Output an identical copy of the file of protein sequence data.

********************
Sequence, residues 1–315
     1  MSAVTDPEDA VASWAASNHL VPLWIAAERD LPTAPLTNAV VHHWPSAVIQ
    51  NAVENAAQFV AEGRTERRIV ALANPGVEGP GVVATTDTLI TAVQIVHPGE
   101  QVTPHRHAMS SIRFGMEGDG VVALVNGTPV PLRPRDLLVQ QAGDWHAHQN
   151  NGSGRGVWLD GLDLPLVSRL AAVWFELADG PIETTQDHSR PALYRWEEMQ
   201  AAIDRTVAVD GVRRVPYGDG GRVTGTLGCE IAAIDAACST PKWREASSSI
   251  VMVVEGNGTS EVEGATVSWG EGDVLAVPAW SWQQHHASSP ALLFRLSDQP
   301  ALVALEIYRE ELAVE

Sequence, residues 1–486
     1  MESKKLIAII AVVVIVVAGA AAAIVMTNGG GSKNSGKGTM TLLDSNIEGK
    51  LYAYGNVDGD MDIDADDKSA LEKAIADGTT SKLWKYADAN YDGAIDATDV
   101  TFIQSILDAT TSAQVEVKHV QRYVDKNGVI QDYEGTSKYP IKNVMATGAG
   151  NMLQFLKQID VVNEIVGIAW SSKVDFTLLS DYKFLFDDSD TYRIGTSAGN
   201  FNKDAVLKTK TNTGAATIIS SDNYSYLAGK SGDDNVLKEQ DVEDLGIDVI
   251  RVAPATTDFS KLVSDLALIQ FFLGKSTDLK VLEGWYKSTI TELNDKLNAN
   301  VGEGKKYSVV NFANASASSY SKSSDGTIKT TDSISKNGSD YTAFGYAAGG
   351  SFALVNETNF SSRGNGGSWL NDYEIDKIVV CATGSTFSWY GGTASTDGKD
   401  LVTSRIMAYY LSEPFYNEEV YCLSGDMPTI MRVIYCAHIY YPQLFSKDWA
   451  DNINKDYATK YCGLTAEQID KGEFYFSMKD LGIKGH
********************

Sequence, residues 1–315
     1  MSAVTDPEDA VASWAASNHL VPLWIAAERD LPTAPLTNAV VHHWPSAVIQ
    51  NAVENAAQFV AEGRTERRIV ALANPGVEGP GVVATTDTLI TAVQIVHPGE
   101  QVTPHRHAMS SIRFGMEGDG VVALVNGTPV PLRPRDLLVQ QAGDWHAHQN
   151  NGSGRGVWLD GLDLPLVSRL AAVWFELADG PIETTQDHSR PALYRWEEMQ
   201  AAIDRTVAVD GVRRVPYGDG GRVTGTLGCE IAAIDAACST PKWREASSSI
   251  VMVVEGNGTS EVEGATVSWG EGDVLAVPAW SWQQHHASSP ALLFRLSDQP
   301  ALVALEIYRE ELAVE

Sequence, residues 1–486
     1  MESKKLIAII AVVVIVVAGA AAAIVMTNGG GSKNSGKGTM TLLDSNIEGK
    51  LYAYGNVDGD MDIDADDKSA LEKAIADGTT SKLWKYADAN YDGAIDATDV
   101  TFIQSILDAT TSAQVEVKHV QRYVDKNGVI QDYEGTSKYP IKNVMATGAG
   151  NMLQFLKQID VVNEIVGIAW SSKVDFTLLS DYKFLFDDSD TYRIGTSAGN
   201  FNKDAVLKTK TNTGAATIIS SDNYSYLAGK SGDDNVLKEQ DVEDLGIDVI
   251  RVAPATTDFS KLVSDLALIQ FFLGKSTDLK VLEGWYKSTI TELNDKLNAN
   301  VGEGKKYSVV NFANASASSY SKSSDGTIKT TDSISKNGSD YTAFGYAAGG
   351  SFALVNETNF SSRGNGGSWL NDYEIDKIVV CATGSTFSWY GGTASTDGKD
   401  LVTSRIMAYY LSEPFYNEEV YCLSGDMPTI MRVIYCAHIY YPQLFSKDWA
   451  DNINKDYATK YCGLTAEQID KGEFYFSMKD LGIKGH